Nearly a year after the Israeli-Palestinian war, people in Gaza City struggle to rebuild their lives. As Germany's top diplomat travels to the region, Tania Krämer reports on residents' frustrations and fears.
The buzzing of an Israeli drone is present again on this hot summer day in Gaza. The "Zannanas," as they are nick-named - Arabic for "buzzers" - are always in the air over the Gaza Strip. For many here they represent a military intrusion into daily life and also serve as a reminder of the worst days of the 2014 war.
"One never knows when the next war will start, it can happen any time," a weary passer-by said in Shejaia, one of the worst affected neighborhoods in the eastern part of Gaza.
Scenes of destruction in this neighborhood are a constant reminder of the 52-day war in 2014. Nearly a year later, some of the rubble has been cleared, but damaged and bombed-out homes across vast fields of grey rubble still dominate the landscape. The neighborhood is clearly far from being rebuilt. Residents often see convoys of armored cars passing through; a tour through the neighborhood has become a must for foreign dignitaries and politicians visiting the Gaza Strip, which remains isolated from the world as Israel and Egypt tightly control their borders with it.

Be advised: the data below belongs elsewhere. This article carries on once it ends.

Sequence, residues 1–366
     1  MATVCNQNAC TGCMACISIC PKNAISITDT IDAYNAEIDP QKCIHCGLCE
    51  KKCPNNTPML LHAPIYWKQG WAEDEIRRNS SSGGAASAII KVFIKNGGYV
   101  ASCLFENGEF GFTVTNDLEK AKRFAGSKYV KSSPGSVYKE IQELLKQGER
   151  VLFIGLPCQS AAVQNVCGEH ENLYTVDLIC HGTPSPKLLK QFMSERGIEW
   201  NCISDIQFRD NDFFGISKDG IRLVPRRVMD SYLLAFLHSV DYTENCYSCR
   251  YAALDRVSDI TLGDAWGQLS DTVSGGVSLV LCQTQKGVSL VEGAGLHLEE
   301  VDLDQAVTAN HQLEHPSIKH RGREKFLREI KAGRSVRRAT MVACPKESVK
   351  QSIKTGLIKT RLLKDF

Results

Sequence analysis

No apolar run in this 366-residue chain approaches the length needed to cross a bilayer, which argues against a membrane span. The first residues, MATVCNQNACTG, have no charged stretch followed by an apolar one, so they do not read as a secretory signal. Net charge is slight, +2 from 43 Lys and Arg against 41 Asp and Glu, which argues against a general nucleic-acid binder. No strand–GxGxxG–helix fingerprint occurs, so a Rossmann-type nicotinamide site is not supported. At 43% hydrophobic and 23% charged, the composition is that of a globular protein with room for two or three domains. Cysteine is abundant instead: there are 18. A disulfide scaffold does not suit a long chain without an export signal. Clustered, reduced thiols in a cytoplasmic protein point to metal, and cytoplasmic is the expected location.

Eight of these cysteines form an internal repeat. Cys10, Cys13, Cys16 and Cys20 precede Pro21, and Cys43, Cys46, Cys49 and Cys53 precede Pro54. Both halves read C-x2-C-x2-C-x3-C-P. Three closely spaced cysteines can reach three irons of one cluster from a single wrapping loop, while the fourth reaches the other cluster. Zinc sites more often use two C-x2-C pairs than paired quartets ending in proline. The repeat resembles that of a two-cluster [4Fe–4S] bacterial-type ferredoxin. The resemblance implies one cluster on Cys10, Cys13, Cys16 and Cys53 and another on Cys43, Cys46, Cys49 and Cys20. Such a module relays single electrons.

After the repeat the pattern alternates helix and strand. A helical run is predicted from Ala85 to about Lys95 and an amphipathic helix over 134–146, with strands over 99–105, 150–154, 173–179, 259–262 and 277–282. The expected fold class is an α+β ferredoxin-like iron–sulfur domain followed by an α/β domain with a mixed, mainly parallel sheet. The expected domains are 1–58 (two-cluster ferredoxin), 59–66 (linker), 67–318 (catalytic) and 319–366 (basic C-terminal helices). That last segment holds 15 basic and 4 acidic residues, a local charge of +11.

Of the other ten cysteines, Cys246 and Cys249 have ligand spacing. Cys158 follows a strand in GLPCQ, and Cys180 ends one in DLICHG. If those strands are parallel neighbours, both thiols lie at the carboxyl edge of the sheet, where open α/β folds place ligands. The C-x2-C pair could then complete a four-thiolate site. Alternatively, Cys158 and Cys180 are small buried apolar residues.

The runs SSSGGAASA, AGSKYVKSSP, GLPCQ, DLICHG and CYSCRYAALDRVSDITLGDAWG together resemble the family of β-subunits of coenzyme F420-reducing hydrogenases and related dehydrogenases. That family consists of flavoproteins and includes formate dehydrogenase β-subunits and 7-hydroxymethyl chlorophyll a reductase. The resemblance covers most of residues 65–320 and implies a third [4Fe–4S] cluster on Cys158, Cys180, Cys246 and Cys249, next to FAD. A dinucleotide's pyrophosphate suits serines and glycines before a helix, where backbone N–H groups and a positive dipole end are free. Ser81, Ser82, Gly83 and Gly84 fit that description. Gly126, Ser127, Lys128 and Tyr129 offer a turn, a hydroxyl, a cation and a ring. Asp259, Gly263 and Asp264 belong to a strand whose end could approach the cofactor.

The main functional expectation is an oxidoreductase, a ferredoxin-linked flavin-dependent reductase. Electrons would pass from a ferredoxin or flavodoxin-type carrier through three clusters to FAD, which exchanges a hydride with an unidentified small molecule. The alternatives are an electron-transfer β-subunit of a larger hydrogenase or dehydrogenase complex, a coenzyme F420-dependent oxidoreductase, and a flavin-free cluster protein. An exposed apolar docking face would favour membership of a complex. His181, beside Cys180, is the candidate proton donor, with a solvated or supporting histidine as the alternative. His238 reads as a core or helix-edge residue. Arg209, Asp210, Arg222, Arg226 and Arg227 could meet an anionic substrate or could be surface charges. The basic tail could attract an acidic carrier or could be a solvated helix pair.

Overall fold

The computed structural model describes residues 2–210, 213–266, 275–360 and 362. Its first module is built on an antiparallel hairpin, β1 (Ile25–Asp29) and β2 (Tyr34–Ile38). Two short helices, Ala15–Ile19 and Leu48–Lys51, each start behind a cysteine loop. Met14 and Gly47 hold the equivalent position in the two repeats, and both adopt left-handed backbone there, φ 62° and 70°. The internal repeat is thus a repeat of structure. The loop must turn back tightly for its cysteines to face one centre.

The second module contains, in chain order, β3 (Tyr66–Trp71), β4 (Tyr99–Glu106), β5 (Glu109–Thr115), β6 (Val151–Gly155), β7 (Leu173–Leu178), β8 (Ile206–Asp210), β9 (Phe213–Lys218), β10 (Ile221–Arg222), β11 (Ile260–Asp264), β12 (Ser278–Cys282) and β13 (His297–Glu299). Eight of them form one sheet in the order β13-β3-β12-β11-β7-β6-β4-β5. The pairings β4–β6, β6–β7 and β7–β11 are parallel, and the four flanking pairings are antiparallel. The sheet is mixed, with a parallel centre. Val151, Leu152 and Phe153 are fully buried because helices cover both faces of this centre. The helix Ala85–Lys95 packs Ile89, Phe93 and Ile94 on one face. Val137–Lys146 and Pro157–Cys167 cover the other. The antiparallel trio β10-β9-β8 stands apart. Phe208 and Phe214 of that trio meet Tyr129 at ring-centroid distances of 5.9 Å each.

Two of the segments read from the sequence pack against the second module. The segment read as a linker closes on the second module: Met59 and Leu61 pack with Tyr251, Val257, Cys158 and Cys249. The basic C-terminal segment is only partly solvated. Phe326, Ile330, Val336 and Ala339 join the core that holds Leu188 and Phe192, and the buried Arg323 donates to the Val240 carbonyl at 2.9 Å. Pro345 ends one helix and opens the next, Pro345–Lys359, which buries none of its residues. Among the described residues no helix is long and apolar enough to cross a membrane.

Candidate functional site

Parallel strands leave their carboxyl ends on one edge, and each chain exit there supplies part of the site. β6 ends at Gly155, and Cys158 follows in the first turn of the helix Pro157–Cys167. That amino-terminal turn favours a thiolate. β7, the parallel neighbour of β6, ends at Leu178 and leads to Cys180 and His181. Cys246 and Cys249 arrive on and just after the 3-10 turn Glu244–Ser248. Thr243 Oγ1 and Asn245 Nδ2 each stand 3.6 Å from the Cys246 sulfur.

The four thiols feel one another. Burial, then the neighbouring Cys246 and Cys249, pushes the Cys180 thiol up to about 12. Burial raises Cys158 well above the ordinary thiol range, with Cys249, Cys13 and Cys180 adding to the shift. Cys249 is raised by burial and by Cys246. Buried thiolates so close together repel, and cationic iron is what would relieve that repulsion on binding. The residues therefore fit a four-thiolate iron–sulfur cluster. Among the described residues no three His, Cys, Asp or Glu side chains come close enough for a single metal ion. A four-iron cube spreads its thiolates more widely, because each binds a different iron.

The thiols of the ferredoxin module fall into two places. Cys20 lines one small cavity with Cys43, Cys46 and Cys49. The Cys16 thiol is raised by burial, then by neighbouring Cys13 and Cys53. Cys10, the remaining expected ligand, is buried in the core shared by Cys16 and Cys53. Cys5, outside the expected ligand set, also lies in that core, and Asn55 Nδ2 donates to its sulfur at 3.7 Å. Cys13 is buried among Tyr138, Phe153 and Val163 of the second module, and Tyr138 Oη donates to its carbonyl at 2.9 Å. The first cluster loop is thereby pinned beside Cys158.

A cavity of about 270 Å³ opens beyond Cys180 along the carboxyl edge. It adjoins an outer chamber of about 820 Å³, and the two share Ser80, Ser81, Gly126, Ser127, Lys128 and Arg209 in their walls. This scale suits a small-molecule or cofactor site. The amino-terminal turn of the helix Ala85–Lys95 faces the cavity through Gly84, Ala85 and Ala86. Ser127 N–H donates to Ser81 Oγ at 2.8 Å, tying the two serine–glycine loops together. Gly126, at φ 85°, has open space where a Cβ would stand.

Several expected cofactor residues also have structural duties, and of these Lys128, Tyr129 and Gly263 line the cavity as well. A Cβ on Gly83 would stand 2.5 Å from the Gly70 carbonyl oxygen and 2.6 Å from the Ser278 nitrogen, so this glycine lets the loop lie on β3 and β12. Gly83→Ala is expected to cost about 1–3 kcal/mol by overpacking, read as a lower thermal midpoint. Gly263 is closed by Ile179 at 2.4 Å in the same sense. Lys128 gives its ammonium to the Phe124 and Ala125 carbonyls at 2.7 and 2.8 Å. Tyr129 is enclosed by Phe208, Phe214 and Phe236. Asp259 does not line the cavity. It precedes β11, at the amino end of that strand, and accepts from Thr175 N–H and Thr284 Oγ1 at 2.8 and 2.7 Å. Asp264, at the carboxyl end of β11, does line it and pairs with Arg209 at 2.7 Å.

Issam Alewa has seen many of those convoys passing through in the past months. He said it is important that foreigners come to Gaza and see the damage first hand.
"We welcome them. Let them all come and see it," said the father of 13 children. But expectations are low that the situation will improve any time soon. Alewa's home is barely inhabitable. Most of the outer walls of the three-story house are gone. The ceilings are riddled with holes. The family lives on the first floor with a sitting room that doesn't have any walls.
"Everybody tells me that it is not safe to stay here, and that I should tear it down," the 52-year-old said. "But I don't know where else to go."
Right after the conflict, he received a one-time payment from Hamas and other aid organizations. But now he said he relies on his salary as a clerk, which is only partially paid every three months.
"With electric cables sticking out from the walls, I am very worried that my children would touch anything around the house. Nothing is safe here," he said, barely holding back his tears. "I could have never believed how hopeless everything will get."
The whole neighborhood is no longer what it used to be, he added. Some neighbors rented flats in other parts of the city while others have modestly repaired their homes or built a makeshift structure next to their land.
Slow reconstruction process
Stories like these are all too familiar to Robert Turner. For three years the director of the United Nations Relief and Works Agency for Palestine Refugees (UNRWA) worked around the clock. He is due to leave his post in mid-July. During his time in Gaza, he witnessed both wars in 2012 and in 2014. There are many reasons why the population in Gaza is frustrated and angry, he said from his office in Gaza City.
"One, of course, is that reconstruction is too slow, we are in the ninth month after the end of war and not a single completely destroyed house has been rebuilt," Turner said. "People are angry and frustrated at the lack of political progress, particularly in the inter-Palestinian reconciliation and, of course, by the fact that the blockade remains in place, which will soon come to its ninth year."